|You are in: Special Report: 1999: 04/99: Thatcher Anniversary|
Monday, 3 May, 1999, 15:45 GMT 16:45 UK
Mixed record of the Iron Lady
By Political Editor Robin Oakley
Twenty years on from her first great success, Lady Thatcher is still capable of creating turbulence in the party she led to three successive election victories.
So dominant was her leadership, so potent was is its enduring appeal to many of the activists she drew into the party , that the merest suggestion from William Hague and Peter Lilley that it is time to move on from some of her ideals and slogans has landed them with a crisis of party management.
Engaged in a crucial test of his own strength of purpose over Kosovo, the current Labour Prime Minister has openly expressed his admiration for her drive and certainty and has consulted her on war leadership.
Such policies as the sale of council houses, the privatisation of the nationalised industries and the acceptance of the free market, bitterly contested as she drove them through, have become common currency among British parties.
Labour has reversed few of the trades union laws her governments pushed through in an effort, as she used to put it, to give back to managers the right to manage.
Determination was the keynote of Margaret Thatcher's premiership.
After Edward Heath, in his "Selsdon Man" incarnation had first seemed to promise the rigorous market-based Toryism of which she approved and had then shied away from it and after her right-wing mentor Keith Joseph had shown himself unwilling and tactically unfitted to seek the Tory crown, she resolved to go for it herself.
She won the leadership on the basis of strong performances as an economic spokesman in the latter days of Heath but then found herself presiding over a shadow cabinet dominated by those she came to call "the Wets".
Many felt she moved too fast on union reform as she and the likes of Norman Tebbit sought to cure the "British disease" of industrial unrest.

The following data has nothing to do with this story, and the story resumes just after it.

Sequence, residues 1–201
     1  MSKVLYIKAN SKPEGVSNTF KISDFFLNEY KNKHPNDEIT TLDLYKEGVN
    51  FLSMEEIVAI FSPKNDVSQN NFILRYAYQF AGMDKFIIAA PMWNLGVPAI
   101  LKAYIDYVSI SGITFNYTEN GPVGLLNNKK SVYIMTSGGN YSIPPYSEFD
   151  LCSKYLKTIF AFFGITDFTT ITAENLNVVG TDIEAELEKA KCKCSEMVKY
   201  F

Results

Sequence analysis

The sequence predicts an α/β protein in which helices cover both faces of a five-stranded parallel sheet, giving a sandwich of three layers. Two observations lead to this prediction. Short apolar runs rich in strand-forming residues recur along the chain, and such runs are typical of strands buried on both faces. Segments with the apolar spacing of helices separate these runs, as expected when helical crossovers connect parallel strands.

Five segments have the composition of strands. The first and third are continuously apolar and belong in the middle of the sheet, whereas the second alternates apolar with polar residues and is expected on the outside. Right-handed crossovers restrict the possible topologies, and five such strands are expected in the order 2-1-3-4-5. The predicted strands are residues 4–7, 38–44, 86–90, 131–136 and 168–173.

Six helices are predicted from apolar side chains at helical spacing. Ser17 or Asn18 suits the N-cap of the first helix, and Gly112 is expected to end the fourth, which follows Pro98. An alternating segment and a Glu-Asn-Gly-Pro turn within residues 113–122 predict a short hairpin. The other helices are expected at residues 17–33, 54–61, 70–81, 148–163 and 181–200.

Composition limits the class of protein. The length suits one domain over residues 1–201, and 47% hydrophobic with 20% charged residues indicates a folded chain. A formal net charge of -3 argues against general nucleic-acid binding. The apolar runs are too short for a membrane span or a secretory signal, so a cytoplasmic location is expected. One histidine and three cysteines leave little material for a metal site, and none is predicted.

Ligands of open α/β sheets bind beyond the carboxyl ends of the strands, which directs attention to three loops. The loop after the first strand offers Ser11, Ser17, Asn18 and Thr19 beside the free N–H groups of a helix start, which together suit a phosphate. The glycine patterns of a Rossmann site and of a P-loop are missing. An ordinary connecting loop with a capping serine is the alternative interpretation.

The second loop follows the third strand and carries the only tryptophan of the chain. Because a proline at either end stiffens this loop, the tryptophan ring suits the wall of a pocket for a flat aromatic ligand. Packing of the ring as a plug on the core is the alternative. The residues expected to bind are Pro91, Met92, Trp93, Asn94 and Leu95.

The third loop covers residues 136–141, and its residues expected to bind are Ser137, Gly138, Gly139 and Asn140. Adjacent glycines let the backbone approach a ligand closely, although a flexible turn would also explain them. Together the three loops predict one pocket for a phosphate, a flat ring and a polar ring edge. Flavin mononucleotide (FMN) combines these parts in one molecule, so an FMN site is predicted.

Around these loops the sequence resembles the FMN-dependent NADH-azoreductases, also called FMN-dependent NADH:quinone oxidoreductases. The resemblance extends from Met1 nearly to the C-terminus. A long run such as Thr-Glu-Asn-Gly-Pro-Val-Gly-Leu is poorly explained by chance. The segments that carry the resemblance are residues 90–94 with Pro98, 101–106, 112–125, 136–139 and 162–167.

Famously she once half-joked that she hadn't got time for arguments within the Cabinet: "I've only got time to explode and have my way". As she went she purged her team of the Heathite moderates and of any other doubters.
She quarrelled with strong figures like Nigel Lawson, whom she alienated by preferring the counsel of her economic adviser Sir Alan Walters, and, famously, with Michael Heseltine over Westland.
She sought a politically-compliant Whitehall machine, inquiring in advance of key appointments: "Is he one of us?" When she finally sacked Sir Geoffrey Howe, ideologically her most loyal lieutenant , provoking a backlash on Europe which was prove her undoing, he was the last survivor of her first Cabinet. All the rest had gone.
They told her that she could not hope to tame the unions: that was best left to a Labour government. But she did it.
They told her that even with her handbag-swinging style she could not secure a rebate on Britain's contribution to the Common Market Budget, and she won back a slice of what she insisted on calling "our money". They told her after the Argentine invasion that she could not possibly hope to mount an expedition so far away and win back the Falklands, but she did.
Friends and foes abroad
Thanks in part to the relationships she developed with her ideological soulmate Ronald Reagan and with the Soviet Union's President Gorbachev, the "Iron Lady" as a Moscow newspaper once christened her, became a world figure.